The sun is out, the temperature is rising, and it’s time to grab a blanket and pillow and claim your seat beneath the stars in OSF’s Allen Elizabethan Theatre. The outdoor stage opened a few weeks back with strong results. Here’s quick reviews of two of the shows.
And Remember Part 2 of Robert Schenkkan’s LBJ epic THE GREAT SOCIETY opens July 27 in Ashland. After playing there through November 1, the show along with part 1 (ALL THE WAY) moves to Seattle Rep in November and December for an unheralded run in rep.
THE TWO GENTLEMEN OF VERONA
Of all the fault lines and social constructs in contemporary America – race, class, regional culture, religious affiliation – none is anywhere near as volatile on stage as gender. Upending, reversing or changing the audience’s received notion of what gender is or should be effortlessly injects a powerful note of provocative interest into almost any show, whether or not such “problematizing” of gender (as the academics call it) is itself even the chief subject.
For example, imagine a LONG DAY’S JOURNEY INTO NIGHT with gender roles reversed, or a THREE SISTERS with transgendered men, or TRUE WEST with two sisters. Case in point would be Brian Bedford’s unforgettable performance as Lady Bracknell in 2011. Gender – the body’s socially constructed and always-being-performed role – is powerful stuff. And messing with it instantly sets the audience’s antennae a flutter. Therefore the simple fact that this production of THE TWO GENTLEMEN OF VERONA features an all women cast is one of its most interesting aspects from the very first moment. Right out of the gate this directorial choice by Sarah Rasmussen brings a lot to the show.
And it feels like women playing men is more unusual than men playing women. Perhaps because the theatre has a long tradition of men playing women, when women play men it feels more unusual, more threatening to our received sense of order, and our brains have to work a little harder to process what we are seeing into a consumable narrative. We are used to seeing men be feminine. But women being masculine? Not so much. Therefore, the fact that women are playing men here never loses its charge throughout the evening.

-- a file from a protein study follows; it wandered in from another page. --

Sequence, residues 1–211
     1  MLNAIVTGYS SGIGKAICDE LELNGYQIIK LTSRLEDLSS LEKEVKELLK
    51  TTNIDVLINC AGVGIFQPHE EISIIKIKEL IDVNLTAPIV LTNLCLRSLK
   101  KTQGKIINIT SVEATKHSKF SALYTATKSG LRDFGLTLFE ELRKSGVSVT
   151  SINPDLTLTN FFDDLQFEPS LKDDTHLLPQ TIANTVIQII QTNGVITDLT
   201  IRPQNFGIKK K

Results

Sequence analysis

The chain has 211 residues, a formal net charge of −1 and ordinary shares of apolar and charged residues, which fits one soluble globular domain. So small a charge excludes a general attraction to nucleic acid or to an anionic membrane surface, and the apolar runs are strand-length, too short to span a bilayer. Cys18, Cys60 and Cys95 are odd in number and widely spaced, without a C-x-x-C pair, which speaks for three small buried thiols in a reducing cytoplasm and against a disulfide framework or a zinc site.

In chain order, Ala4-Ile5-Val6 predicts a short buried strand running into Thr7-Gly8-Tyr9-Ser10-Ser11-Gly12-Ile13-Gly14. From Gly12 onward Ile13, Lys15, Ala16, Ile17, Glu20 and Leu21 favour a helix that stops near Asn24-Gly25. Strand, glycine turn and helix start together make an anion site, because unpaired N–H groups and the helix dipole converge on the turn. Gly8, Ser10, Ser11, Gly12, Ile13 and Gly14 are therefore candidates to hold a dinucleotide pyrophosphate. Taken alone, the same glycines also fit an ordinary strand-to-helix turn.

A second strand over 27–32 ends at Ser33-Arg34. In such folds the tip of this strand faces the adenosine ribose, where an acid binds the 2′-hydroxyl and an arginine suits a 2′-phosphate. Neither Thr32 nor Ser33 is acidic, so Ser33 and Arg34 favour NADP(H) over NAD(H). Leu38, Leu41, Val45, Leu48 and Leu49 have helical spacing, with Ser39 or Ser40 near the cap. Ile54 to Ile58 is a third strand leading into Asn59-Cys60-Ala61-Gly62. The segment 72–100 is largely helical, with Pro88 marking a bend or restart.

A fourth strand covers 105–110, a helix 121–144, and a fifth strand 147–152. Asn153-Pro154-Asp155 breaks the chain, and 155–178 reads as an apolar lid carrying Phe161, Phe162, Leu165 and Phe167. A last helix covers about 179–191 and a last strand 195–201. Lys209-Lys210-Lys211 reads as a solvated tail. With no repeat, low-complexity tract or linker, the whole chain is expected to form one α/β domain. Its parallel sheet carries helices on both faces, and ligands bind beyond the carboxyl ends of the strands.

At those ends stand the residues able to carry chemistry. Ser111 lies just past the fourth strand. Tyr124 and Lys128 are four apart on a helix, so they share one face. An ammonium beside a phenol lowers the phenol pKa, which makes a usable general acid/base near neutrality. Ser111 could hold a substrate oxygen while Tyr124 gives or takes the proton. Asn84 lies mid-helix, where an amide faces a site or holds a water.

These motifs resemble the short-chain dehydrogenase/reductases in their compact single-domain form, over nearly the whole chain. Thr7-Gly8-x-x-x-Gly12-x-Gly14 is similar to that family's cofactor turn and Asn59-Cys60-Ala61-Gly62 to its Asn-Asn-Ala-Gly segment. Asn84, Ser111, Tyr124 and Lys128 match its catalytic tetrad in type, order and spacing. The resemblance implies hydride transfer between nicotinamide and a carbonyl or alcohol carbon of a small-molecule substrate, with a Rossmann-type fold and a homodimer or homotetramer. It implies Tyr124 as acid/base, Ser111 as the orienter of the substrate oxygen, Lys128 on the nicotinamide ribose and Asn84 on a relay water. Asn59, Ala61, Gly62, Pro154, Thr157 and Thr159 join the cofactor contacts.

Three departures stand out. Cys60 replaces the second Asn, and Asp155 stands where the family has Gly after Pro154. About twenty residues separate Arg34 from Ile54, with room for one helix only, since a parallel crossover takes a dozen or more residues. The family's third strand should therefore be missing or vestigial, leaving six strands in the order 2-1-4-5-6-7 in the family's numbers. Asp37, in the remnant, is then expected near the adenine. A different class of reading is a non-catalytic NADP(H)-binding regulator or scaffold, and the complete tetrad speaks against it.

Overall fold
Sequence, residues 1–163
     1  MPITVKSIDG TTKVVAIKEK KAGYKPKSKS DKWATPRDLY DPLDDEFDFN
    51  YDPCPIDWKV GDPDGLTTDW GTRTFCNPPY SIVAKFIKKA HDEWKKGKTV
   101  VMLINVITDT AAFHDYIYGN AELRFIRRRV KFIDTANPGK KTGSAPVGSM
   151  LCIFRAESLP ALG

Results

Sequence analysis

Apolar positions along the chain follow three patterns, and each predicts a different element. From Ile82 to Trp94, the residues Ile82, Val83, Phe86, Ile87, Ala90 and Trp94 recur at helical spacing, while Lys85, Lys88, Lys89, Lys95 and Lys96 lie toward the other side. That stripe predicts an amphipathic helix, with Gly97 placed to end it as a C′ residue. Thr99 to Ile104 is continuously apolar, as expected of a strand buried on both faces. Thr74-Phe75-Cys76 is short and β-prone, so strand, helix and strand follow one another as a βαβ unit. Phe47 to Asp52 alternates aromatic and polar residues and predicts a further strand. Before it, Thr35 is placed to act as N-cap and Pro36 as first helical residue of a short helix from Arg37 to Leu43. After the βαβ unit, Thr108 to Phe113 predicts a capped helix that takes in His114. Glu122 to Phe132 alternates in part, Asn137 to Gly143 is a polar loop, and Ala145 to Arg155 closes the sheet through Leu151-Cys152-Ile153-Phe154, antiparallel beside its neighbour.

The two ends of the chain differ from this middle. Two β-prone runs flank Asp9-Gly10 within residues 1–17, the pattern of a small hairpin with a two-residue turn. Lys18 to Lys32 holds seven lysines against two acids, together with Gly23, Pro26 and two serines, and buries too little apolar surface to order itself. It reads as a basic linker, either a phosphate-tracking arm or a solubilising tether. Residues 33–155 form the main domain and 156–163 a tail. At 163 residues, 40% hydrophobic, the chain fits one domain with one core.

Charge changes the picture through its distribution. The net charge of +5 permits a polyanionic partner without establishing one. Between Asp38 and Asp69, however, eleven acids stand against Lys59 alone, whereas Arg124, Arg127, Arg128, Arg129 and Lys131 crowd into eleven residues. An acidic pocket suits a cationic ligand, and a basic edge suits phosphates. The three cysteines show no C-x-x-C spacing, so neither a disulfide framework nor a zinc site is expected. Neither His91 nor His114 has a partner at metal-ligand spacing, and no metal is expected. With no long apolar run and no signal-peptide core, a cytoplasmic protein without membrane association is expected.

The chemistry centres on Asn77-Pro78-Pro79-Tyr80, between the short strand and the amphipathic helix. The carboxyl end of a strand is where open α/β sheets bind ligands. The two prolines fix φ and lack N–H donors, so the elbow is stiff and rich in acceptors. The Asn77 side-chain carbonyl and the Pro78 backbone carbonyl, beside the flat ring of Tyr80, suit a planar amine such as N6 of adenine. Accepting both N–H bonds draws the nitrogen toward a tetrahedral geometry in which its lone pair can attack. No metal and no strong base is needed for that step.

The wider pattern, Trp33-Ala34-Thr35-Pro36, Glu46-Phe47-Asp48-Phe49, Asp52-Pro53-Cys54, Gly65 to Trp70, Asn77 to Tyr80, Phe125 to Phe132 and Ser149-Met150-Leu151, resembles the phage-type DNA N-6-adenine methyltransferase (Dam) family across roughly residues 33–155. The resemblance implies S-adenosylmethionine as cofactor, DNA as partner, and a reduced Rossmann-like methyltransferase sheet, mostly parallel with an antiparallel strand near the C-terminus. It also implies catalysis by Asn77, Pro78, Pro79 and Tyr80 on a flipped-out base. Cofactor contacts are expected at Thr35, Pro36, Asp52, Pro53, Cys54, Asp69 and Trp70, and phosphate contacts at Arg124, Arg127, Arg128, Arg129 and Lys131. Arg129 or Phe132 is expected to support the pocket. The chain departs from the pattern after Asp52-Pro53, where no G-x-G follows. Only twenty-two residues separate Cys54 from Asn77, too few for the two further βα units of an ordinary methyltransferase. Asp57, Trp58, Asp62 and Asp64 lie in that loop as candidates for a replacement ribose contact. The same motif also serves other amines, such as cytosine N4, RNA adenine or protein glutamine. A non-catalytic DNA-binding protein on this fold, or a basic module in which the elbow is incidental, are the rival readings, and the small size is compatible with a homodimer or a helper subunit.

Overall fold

It would be hard to over state how appealing and sharp Christiana Clark and Sofia Jean Gomez are on stage as Proteus and Valentine. But I’ll try. Watching these two comport live in front of us, talk, laugh, and bluster is nothing short of magic. Clark has a blazing presence and force – this woman was made for the theatre. And her voice! Meanwhile Gomez is center stage again, fresh from an entrancing turn as Iris in this year’s now closed THE SIGN IN SIDNEY BRUSTEIN’S WINDOW. She is having quite a season. With her spikey, dyed punk hair style, Gomez is theatrical to the core. So much of a great theatrical experience depends on great actors, and with these two around (as well as the rest of the cast) there is plenty of delight on tap.
It’s not necessarily Shakey’s greatest work, but there’s still plenty to like here, thanks to the core concept and ample fashion hijinx. And watch out. K.T. Vogt is back, deadpanning down front with a dog. You can’t touch this.
Following up on his wildly successful run in 2010’s Hamlet, you had to wonder what Dan Donohue would be like as Richard III. Would he be more or less the same presence on stage, just in a different role? Wouldn’t he remind us of Hamlet? Would he be fresh and new? And the answer is, thanks to his superb acting ability, the Donohue we knew from Hamlet is completely unrecognizable here. He is almost a different physical specimen on stage, with stringy hair and misshapen posture and a somewhat impaired brain. If you didn’t know it was Donohue, you might not even recognize him at first. This talented actor has created another fully formed character for us, and he is compulsively watchable for the entire duration of the show.
It’s actually hard to describe exactly what is wrong with Richard in this incarnation – or who he is. And that makes it more interesting as we seek to discover whether he is putting us or the other characters on, “acting”, or if he’s just a bit of a psychopath. A lot of the time Donohue is sort of blankly numb with a look on his face that would not be out of place on the proverbial village idiot. But then his Machiavellian intelligence flashes out, and we realize this in no dummy. This Richard does not wear all his emotions (or any) on his face. Therefore we are peering in to what may simply be a moral void, wondering what motivates him and what he will do next.
Donohue has that most prized of all an actor’s possessions – a voice that can create drama and character all by itself. His vocal signature has perhaps just a touch of tobacco to rough it up, but the clarity and fine detail is truly stunning.